On the topic of rap-I hope her other songs don't sound like this. (She ain't saying shit-but I guess hip hop isn't supposed to conform to any standards in this day and age/and why is some guy from a radio station sampled on the track? If not for an ironic purpose?

But, thanks for the cut from the shining. I spent a good two weeks with a rental car in Europe and had that that in there the entire time. I agree that His collage was a derivation/but again, it is no different than what other ambient beatmakers were doing.

#9 1stN3rd

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Posted Yesterday, 11:21 PM

The beat is fine for an instrumental album, not really something that can be rapped over. I pretty much believe that a lot of music from 2000-2005 sounded like this, but have a feeling that You will tell me differently. Pretty sure that before there was Detroit-there were other places that were producing music in this genre/sub genre/sub-sub sub genre/what-have-you.

On the topic of rap-I hope her other songs don't sound like this. (She ain't saying shit-but I guess hip hop isn't supposed to conform to any standards in this day and age/and why is some guy from a radio station sampled on the track? If not for an ironic purpose?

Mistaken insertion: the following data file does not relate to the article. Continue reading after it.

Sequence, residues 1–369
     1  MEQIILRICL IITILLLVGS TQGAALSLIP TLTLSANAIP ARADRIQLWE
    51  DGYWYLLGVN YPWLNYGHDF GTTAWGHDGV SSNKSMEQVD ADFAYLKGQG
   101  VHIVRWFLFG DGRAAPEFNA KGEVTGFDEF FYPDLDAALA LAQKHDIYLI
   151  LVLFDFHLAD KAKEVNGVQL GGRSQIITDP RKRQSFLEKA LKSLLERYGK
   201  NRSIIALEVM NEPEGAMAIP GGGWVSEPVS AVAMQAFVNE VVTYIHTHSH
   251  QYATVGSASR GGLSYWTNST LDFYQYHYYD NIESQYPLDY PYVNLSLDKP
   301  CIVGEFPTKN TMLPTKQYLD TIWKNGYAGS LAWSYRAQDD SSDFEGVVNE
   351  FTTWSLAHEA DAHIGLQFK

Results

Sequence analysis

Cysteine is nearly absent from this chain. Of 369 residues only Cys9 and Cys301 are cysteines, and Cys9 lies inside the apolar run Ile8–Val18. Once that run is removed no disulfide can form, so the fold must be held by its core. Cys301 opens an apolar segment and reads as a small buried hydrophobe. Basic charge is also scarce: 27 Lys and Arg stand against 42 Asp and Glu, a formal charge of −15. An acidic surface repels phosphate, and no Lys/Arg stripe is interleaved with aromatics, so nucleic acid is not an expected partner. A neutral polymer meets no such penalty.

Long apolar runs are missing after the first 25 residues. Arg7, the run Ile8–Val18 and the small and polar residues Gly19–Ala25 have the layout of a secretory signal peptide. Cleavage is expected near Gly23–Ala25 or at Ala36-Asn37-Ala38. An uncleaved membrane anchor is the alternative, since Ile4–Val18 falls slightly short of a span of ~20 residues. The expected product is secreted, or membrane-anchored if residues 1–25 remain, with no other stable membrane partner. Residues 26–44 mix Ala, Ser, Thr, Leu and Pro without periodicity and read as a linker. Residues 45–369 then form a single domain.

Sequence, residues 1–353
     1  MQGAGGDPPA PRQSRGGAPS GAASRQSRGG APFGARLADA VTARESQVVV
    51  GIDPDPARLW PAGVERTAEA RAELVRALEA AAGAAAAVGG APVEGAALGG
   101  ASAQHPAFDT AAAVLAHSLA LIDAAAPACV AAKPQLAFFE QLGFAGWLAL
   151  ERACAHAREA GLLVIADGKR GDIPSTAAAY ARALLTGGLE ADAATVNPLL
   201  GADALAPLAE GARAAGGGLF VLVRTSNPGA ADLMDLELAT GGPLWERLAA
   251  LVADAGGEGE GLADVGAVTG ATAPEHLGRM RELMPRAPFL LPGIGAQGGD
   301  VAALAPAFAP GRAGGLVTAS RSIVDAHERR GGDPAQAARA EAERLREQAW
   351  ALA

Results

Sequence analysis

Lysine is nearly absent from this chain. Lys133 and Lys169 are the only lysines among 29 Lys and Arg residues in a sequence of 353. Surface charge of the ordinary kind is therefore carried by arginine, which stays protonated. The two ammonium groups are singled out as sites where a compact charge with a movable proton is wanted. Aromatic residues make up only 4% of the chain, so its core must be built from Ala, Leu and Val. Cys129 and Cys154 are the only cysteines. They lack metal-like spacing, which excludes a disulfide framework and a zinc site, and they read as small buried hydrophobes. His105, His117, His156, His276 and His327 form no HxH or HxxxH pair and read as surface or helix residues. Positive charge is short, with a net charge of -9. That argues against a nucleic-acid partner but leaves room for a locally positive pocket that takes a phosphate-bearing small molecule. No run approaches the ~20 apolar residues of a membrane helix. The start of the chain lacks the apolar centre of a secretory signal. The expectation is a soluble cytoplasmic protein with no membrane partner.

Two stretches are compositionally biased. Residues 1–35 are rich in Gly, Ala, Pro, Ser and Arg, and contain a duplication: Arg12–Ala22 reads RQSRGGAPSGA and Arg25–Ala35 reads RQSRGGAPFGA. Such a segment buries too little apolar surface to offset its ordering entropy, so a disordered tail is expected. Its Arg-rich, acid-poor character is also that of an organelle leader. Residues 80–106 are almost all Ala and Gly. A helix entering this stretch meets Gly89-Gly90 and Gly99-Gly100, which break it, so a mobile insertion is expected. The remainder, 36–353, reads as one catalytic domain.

But, thanks for the cut from the shining. I spent a good two weeks with a rental car in Europe and had that that in there the entire time. I agree that His collage was a derivation/but again, it is no different than what other ambient beatmakers were doing.

I agree that it's kind of dicey making these sorts of arguments since music is constantly evolving, so it's hard to pinpoint one specific artist or time period and say "this is where it all began." But, nonetheless, I do enjoy trying to connect the dots and make sense of it all, even though it's probably impossible. People talk about Dilla and Madlib so much because it's convenient, but there are probably other artists who made equal contributions but didn't get the same recognition (Kankick?).

 

It does seem that, as far as electro goes, there's a definite cutoff date, around 2005, when the music seems to get more computer-oriented, and I don't feel it nearly as much. Drexciya used straight drum machines and synths in a room, so it's a whole lot more legit (and expensive) than digital plugins. I just find their music to be really pure and deep. It gives me a feeling similar to when I was first getting into Dilla and Madlib, like the sound of someone who is totally lost in their own world, not doing it for fame or name.